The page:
A young worker’s take on safer workplaces

A young worker advocates for open communication at work, and gives his take on the B.C. government survey about hazardous work and youth. 

Photo of a supervisor training a young worker as they walk down the aisle of a grocery store.

Photo credit: iStock.com/jacoblund

Are certain types of work too hazardous for workers under the age of 19?

The B.C. government is asking the public this question in an online survey. The Hazardous work protections for youth survey takes about 15 minutes to complete and is open until June 10, 2022. Feedback will help the government develop a new regulation that would outline the types of jobs that may be hazardous and unsuitable for young workers.

A new regulation could prevent employers from hiring workers under a minimum age for types of work specified as too hazardous. Injury rate is one of the factors looked at. Jobs in construction, forestry, food processing, and asbestos abatement have a much higher injury rate than other industries, according to statistics from WorkSafeBC. (Read more in this article from Canadian Occupational Safety Magazine.)

I spoke with a young worker about this survey and its goals. Omer Faraz is a seventeen-year-old, grade 12 student from White Rock, B.C., who was recognized as a community role model at Surrey’s Top 25 Under 25 Awards earlier this year. WorkSafeBC also presented him with an Honorary Health & Safety in the Workplace Award.

“I think it’s necessary for the provincial government to come up with a recommendation that helps to encourage an environment of safety,” Omer says. “We also need to encourage an environment of openness and honesty between employee and employer.” Omer told me that young workers need to be assured that they can speak to their supervisors if they have any concerns about workplace safety.

Good training and communication make safer workplaces for young workers

According to a recent Canada-wide study, nearly 20 percent of Canadian employers are not offering safety and orientation programs for new employees. (Read more in this article from Canadian Occupational Safety.)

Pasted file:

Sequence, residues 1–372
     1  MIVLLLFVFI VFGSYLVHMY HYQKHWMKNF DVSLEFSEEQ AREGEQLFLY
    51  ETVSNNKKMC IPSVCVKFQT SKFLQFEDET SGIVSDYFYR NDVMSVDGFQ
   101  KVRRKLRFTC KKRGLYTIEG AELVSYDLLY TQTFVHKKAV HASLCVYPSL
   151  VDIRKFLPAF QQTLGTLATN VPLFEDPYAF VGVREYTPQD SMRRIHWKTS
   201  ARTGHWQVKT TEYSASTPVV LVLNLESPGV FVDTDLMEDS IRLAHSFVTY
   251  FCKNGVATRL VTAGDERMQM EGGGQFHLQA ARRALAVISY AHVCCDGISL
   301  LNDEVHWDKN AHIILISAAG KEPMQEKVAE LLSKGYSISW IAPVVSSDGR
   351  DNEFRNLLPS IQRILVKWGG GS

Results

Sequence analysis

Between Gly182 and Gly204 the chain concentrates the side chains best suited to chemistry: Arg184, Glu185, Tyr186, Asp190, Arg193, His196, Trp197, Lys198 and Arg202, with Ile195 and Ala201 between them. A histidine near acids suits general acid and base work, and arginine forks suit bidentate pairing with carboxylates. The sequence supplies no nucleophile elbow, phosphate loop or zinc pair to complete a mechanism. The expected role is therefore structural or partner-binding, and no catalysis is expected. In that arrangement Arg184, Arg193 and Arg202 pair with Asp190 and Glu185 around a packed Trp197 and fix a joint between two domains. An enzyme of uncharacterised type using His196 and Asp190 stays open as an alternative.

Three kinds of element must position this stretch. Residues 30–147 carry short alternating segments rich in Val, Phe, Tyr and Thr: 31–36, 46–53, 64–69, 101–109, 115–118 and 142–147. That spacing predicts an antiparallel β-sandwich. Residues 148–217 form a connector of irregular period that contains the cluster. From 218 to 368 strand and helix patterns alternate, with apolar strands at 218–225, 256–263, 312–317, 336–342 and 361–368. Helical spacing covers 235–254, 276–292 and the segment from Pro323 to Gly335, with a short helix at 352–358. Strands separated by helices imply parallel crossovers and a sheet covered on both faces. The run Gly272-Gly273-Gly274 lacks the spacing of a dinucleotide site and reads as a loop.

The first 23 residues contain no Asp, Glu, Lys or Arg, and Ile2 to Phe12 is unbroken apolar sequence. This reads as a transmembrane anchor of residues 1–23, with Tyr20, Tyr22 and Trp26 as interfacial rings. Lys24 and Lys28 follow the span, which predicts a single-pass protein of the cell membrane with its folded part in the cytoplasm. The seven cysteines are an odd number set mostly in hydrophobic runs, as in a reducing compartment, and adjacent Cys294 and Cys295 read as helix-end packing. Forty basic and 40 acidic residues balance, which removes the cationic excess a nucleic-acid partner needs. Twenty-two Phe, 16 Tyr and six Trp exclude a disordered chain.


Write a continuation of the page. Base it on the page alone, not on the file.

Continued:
Omer says that in his case, he did receive thorough training before starting his job at a pharmacy. Some of his training included proper lifting procedures, maintaining good posture, and encouragement to move around if he’s doing a repetitive task in one spot.

Open communication with his supervisor is another thing that Omer values and puts a lot of importance on. “My supervisor is a very kind and welcoming person. She has made it clear several times, that if we (staff) have any issues or problems, to never be afraid to go and talk with her.” Omer says that supervisors should take the initiative and reach out to their workers, to make sure they feel valued in their roles and comfortable speaking up.

I asked Omer why he thinks it’s important for young workers to take an active role in health and safety in their workplace. He said: “As young people, we need to do everything we can to ensure safety at our places of work because we should feel safe.”

He encourages youth to step up and take action toward ensuring they feel safe at work. “If we don’t implement change in our communities and in our workplaces, then who will?”

For information and resources, see the Young & new workers and Refusing unsafe work pages on worksafebc.com.

Thank you so much to Omer for speaking with me.

Share this safety message:

Leave a Reply

Your email address will not be published. Required fields are marked *